NATSO
Natso Capital

Pilot CEO urges Congress to support private investment in EV charging

March 22, 2021
Konar, on behalf of NATSO, testifies that fuel retailers are best positioned to advance alternative fuels, including electricity

Pilot Company CEO Shameek Konar says fuel retailers provide the best opportunity for advancing alternative fuels, including electricity, in the marketplace.

Konar made the comments, delivered on behalf of the National Association of Truckstop Operators (NATSO), during his recent testimony before the House Transportation and Infrastructure Committee, while also emphasizing the need to surround these retailers with the right policy framework and incentive structure.

The Pilot executive insisted truckstops and travel plazas are best positioned to own and operate electric vehicle (EV) charging stations, and that the right alignment of policy incentives will ensure a faster, more widespread and cost-effective transition to alternative fuels. 

“A nationwide network of EV charging stations is well within our grasp, all it takes is a coherent framework of national policies that harness the core competencies of the utility and retail fuel sectors,” Konar said.

Konar testified that the structure and implementation of these policies should encourage utilities and fuel retailers to focus activities where each is most productive.

He cautioned that policies that allow electric vehicle charging stations at rest areas or permit utility companies to increase rates to all ratepayers to offset their consumer-facing EV charging station investments will discourage the private sector from investing in electric vehicle charging. Such approaches, he maintained, undermine the business case for all fuel retailers nationwide to invest in EV charging infrastructure.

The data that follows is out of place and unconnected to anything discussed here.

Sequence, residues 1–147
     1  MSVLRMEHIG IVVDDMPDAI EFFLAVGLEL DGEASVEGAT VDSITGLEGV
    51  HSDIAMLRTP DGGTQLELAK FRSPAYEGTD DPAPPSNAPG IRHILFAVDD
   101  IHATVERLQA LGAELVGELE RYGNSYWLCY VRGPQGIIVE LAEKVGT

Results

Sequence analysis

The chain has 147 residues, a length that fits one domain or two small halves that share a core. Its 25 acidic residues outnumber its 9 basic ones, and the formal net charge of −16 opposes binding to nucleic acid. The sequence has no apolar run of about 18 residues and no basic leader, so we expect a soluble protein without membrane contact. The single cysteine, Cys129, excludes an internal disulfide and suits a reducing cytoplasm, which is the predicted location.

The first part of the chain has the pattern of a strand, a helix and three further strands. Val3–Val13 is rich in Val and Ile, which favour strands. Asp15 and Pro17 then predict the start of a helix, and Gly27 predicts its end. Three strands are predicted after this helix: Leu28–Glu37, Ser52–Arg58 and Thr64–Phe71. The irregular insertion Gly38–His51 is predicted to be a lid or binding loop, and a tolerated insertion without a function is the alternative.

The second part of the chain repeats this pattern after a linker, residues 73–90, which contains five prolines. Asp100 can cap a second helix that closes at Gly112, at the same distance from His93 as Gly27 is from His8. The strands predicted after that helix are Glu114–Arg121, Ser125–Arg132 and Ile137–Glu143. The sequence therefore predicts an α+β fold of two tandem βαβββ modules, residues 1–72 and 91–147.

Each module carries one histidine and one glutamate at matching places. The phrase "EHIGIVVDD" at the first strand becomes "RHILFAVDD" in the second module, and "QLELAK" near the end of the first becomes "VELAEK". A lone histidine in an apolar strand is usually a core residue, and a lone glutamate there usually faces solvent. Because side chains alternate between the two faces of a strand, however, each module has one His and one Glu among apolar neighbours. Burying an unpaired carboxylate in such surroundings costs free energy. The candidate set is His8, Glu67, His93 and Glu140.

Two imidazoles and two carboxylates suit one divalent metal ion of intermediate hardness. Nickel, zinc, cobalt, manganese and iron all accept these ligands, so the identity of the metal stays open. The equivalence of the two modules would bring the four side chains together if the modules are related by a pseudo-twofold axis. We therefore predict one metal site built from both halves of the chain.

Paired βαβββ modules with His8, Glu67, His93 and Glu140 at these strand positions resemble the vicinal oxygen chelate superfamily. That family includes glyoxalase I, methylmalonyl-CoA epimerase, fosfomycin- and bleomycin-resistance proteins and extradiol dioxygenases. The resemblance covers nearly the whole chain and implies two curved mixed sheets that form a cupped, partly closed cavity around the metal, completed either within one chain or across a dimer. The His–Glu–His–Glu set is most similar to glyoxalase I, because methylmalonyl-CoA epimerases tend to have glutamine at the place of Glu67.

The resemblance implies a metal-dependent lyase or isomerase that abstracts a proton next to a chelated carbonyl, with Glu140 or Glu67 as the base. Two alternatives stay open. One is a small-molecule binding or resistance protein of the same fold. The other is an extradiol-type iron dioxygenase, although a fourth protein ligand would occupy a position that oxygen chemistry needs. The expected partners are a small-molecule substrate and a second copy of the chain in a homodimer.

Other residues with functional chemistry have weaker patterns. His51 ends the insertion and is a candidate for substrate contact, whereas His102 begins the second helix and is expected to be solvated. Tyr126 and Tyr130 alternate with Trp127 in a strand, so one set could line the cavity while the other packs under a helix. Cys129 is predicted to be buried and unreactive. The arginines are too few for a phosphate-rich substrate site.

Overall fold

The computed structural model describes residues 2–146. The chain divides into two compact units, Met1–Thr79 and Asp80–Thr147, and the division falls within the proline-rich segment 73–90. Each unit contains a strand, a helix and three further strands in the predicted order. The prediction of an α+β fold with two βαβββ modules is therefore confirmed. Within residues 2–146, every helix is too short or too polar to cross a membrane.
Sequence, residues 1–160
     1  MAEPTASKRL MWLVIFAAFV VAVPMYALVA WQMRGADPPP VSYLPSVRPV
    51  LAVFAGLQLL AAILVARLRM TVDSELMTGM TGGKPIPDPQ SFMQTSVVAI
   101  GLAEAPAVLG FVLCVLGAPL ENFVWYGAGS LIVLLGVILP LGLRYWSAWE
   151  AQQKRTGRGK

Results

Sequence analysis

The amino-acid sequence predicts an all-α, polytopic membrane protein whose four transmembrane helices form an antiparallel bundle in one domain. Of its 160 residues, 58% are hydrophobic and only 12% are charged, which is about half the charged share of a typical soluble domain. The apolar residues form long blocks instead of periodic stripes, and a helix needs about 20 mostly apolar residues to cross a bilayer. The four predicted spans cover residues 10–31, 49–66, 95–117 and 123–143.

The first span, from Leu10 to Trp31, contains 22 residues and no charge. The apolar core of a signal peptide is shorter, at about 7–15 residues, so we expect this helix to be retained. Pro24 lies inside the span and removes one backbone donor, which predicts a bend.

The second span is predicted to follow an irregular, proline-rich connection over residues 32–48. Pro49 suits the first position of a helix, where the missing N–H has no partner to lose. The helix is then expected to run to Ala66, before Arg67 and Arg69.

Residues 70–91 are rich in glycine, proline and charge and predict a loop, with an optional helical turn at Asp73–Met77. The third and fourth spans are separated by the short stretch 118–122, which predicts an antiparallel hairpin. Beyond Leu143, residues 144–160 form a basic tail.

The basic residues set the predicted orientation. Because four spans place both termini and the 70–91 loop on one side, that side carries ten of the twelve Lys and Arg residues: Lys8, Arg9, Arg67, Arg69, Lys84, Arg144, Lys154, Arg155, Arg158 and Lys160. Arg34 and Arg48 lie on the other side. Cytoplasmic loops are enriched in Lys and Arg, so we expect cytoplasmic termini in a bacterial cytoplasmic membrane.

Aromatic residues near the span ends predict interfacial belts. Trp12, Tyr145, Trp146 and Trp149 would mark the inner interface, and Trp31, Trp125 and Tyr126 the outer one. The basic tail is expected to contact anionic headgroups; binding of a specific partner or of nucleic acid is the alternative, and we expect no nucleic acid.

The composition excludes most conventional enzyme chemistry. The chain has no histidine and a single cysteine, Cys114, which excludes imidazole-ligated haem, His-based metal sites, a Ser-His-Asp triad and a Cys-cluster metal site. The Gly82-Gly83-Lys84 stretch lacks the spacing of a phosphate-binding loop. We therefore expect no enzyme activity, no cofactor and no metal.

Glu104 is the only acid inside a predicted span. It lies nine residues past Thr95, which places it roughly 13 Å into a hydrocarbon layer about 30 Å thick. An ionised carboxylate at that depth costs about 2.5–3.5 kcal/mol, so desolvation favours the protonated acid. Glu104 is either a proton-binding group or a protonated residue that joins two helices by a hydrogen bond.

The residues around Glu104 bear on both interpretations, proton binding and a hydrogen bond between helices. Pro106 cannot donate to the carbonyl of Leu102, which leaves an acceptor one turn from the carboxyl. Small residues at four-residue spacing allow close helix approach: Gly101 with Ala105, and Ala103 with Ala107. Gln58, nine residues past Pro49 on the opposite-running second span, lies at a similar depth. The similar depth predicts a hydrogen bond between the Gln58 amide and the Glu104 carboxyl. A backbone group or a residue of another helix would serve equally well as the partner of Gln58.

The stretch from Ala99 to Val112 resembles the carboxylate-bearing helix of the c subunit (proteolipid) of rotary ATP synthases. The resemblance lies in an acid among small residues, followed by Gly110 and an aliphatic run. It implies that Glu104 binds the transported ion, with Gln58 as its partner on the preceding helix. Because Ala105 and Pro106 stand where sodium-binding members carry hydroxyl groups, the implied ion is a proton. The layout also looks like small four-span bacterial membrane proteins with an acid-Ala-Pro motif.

Until the number of EVs on the road reaches a critical mass, federal policy must bridge the gap and make private investments more viable while providing long-term consumer benefits. 

Specifically, Konar urged lawmakers to refrain from carving out an exception for electric vehicle charging to the longstanding federal law prohibiting the sale of fuel, food and other services at rest areas. The federal ban on commercial activities at interstate rest areas has incentivized businesses to invest in fuel stations just off of America’s highways since the inception of the Interstate Highway System. Private sector development of this national fueling network has ensured that drivers of gasoline-powered cars do not have concerns about how many miles they can drive before a vehicle needs to be refueled. A similar approach would drive demand for electric vehicles.

Fuel retailers also will not invest in EV technology if they are competing for the sale of electricity with their power provider who does not have to recover capital investments. The utility sector is well suited to perform the necessary generation development and power grid restructuring work through its regulated monopoly, Konar said. However, utilities should not be given a leg up over private companies seeking to enter the market for electric vehicle charging infrastructure that consumers use to power their vehicles.